State Representative Jon Santiago told of a relative orphaned to AIDS who inspired him to his work in emergency medicine and public service. Councilor Annissa Essaibi George spoke of her Polish grandparents’ meeting in a displaced persons camp and the impoverished upbringing of her father, a Tunisian Arab Muslim. And Councilor Andrea Campbell told of inequities she witnessed firsthand as her twin brother floundered and died in law enforcement custody.
“I know painfully well what’s at stake when this city does not work for everyone,” said Campbell.
In vivid and moving personal anecdotes, the six candidates for mayor, all of whom identify as people of color, described how their lived experiences informed their work to date, and shaped their motivations to run the city of Boston.
“For me, racial justice, racial equity is much more than a buzzword,” said Acting Mayor Kim Janey, who said her ancestors escaped slavery via the underground railroad and said her upbringing amid the activism of the 1960s and 1970s motivated her to become a community organizer. “It’s been my life’s work and it’s in my DNA.”
The candidates appeared in a Zoom forum Thursday evening -- the first in a series of six planned by NAACP Boston Branch and community partners. With the focus on racial justice, they were asked to describe what they had already accomplished in the promoting of equity.
Janey highlighted her work in the cannabis industry, ensuring that people who suffered in the war on drugs get benefit from the now legal industry. And, using a refrain that may become familiar, she said that “as mayor of Boston,” she is looking at creating an Equity Empowerment Zone.
As City Council President, Janey was elevated to acting mayor when Martin J. Walsh resigned in March to become labor secretary for President Biden’s administration.
Santiago told of stepping up his work as an emergency room physician to serve Black and brown residents disproportionately affected by the COVID-19 crisis. He also said he coordinated vaccine distribution in his district out of frustration with the state’s early inequitable rollout.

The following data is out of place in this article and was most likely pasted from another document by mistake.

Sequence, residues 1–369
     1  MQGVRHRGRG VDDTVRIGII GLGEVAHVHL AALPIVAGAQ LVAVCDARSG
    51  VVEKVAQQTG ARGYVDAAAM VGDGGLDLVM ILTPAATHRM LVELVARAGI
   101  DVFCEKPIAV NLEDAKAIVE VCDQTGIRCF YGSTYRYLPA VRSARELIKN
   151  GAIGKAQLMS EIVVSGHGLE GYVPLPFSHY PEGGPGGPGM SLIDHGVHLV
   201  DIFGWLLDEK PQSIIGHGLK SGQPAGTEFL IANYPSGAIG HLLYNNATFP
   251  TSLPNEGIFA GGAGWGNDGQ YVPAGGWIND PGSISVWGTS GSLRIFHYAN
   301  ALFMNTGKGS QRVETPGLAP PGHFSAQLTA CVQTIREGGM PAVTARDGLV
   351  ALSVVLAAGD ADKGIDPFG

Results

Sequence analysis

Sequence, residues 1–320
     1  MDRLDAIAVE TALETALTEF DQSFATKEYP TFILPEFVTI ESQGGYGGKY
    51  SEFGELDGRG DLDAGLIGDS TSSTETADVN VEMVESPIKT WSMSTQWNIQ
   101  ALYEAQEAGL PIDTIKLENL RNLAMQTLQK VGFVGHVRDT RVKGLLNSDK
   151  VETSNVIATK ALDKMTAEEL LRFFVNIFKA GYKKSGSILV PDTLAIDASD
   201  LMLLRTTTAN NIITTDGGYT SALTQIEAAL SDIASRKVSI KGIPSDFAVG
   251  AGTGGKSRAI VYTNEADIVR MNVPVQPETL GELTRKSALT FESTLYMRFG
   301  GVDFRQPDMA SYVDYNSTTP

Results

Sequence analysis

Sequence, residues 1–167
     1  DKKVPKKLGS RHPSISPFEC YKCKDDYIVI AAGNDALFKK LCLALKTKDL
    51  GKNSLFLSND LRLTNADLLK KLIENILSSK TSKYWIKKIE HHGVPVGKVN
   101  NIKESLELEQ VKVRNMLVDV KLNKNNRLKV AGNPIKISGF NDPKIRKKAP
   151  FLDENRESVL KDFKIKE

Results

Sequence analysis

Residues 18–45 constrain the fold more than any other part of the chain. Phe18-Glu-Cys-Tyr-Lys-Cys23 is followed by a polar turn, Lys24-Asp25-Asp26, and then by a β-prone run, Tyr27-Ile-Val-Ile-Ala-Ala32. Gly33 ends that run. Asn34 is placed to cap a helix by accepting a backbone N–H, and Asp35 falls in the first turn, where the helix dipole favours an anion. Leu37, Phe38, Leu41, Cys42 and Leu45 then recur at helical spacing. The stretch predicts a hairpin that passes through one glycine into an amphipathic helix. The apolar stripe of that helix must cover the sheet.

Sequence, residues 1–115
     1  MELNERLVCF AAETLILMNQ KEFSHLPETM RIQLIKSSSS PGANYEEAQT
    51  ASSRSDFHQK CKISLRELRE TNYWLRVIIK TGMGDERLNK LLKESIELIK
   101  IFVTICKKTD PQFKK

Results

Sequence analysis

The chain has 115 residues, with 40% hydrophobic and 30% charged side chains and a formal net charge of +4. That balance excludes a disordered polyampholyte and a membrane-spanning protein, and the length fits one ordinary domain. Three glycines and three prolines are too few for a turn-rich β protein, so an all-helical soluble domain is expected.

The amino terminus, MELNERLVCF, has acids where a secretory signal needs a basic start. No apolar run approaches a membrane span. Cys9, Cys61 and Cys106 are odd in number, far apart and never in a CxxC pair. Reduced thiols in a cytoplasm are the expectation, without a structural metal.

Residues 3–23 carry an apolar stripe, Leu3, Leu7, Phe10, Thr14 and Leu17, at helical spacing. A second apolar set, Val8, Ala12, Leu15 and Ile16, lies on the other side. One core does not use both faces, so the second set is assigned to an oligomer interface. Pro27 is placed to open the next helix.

Councilor Michelle Wu said she worked with a coalition to block city police from adopting face surveillance technology after learning drones had already flown over public housing. She also pointed to advocacy in public transportation that she said helped change the conversation around racial justice. Campbell noted she worked to create the Office of Police Accountability that is now tasked with investigating how the head of the patrolman union continued police work for years after accusations of sexual molestation of children.
“It’s abundantly clear that our police department cannot police itself,” said Campbell.
And John F. Barros, who was Chief of Economic Development in Mayor Walsh’s administration, said he got the city to commit to a goal of awarding at least 25 percent of contracts to women or people of color, and increasing the hiring goals to 51 percent Boston residents, 40 percent people of color and 12 percent women.
“My entire life has been rooted in the community trying to make Boston work for everyone,” said Barros, the son of Cape Verdean immigrants, who began working as a community organizer at 14.
But the city’s hiring and procurement policies were criticized as insufficient by other candidates. They pointed to the lack of enforcement of the Boston Residents Jobs Policy ordinance that calls for developers and contractors to hire Boston residents and people of color.
“We are falling short in monitoring the compliance,” said Wu, “and in holding the contractors accountable who are not meeting those numbers.” She called for installing a Cabinet-level Chief of Worker Empowerment.